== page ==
Wednesday, December 14, 2016

Iris Murdoch

I must admit, now that I've finished it, I'm not sure what to do exactly with Iris Murdoch's Under the Net. The novel started strong -- or strong enough: a memorable stylist wielding an interesting story line. I was hooked.

But whereas I expected something resembling the novels of David Lodge -- fun and full of character -- the sense I had after completing Under the Net was one largely of dissatisfaction: as if Murdoch had been on the right track, only to veer off course, into a fictional realm without consequence. 

No doubt, there's something to Jake Donaghue's story, and to his interactions with his philosophical muse, Hugo Belfounder. And for the first one hundred pages or so, I felt this relationship might result in an interesting meditation on the nature of literary invention. 

But it was just as this point -- when I expected to Murdoch to the turn the corner toward ideas of inspiration and influence -- that the novel moves in a different direction: one involving Jake's love interests, and the extent to which he and Hugo get caught up, however unexpectedly, with the same group of women.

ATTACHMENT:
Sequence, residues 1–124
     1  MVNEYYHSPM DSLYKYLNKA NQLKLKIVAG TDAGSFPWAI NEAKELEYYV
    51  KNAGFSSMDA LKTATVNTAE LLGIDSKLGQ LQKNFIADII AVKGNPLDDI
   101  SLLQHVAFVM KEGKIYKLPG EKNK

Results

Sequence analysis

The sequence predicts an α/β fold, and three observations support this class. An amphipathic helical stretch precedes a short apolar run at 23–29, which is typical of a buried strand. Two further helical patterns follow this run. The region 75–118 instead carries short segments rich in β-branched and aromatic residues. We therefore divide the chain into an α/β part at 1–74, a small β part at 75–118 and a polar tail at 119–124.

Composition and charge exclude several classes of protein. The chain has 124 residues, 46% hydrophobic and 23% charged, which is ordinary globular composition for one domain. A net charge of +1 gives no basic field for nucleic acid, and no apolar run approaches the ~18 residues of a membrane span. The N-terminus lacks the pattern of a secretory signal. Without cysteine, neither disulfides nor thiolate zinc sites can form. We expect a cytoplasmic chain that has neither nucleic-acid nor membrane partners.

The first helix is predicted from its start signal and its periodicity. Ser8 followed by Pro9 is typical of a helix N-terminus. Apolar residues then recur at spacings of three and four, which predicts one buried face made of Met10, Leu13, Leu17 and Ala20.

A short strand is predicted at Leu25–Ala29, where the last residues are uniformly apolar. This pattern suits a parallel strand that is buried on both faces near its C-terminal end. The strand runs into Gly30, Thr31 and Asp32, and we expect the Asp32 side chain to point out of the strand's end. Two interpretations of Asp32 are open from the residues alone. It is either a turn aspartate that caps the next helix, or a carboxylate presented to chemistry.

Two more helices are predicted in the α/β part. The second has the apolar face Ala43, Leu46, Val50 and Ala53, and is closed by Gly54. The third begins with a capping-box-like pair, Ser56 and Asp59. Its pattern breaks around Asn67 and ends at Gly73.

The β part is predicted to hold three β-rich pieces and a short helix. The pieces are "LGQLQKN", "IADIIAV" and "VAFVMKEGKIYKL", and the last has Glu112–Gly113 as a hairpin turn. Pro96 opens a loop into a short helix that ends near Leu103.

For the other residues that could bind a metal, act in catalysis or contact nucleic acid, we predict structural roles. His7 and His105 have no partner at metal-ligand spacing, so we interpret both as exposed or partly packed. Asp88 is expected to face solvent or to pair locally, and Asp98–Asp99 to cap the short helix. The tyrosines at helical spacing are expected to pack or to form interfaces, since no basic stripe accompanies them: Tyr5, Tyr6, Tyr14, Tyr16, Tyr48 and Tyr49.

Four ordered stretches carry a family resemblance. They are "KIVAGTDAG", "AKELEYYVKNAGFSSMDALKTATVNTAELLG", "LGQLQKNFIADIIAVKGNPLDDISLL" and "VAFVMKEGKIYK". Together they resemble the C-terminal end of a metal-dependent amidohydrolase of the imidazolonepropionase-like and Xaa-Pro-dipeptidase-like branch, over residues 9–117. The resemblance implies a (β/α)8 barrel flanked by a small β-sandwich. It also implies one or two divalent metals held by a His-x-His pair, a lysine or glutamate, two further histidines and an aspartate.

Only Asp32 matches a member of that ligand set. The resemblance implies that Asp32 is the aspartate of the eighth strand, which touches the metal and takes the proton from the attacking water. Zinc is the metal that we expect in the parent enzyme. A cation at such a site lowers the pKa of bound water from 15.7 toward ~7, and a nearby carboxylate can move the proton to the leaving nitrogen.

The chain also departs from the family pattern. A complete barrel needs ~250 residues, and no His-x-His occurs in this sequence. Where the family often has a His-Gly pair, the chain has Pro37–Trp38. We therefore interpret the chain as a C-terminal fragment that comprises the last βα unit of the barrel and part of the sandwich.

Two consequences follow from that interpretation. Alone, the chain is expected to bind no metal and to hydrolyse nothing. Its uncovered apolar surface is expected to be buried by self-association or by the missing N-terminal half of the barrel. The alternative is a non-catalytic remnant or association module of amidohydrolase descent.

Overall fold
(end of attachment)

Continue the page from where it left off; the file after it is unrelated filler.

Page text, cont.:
For me, this just didn't play: I wasn't taken with the comedy of errors, and wasn't very much convinced by the ending either: where Jake discovers some sort of new beginning, where the whole thing comes full circle. 

Ultimately, I wish Murdoch had closed the loop on something else: the nature of influence in the creative process, and the extent to which our lives -- despite our best efforts otherwise -- serve as the foundations for fiction. As Murdoch seems to imply: there can be no other way.


  1. I haven't read through the book in about forty years. It left me at the time with the impression that she Murdoch wrote quite well, but didn't manage to end the novel well. Having since encountered any such, I'd say that it is not unlike many first novels in that: the author has done well to put together some hundreds of pages mostly of narrative that will hold the interest. Mastery might or might not come later. (It strikes me as I write that Walker Percy's case might suggest that a polished first novel is not a good sign for a writer.)

    But bits and pieces stick with me: Davey holding out his hands and turning one or the other over as he writes an article on identity for a philosophical journal; Jake seeing the new novel by a man he thinks a hack win the Prix Goncourt, and feeling as a man might who had just his favorite opinion refuted, conclusively and in detail, by a chimpanzee.

  2. I read this in the LRB the other day:
    It might help.

  3. I agree, George, especially with your opening statement. Appreciate your sharing this. It's helpful context. --Jesse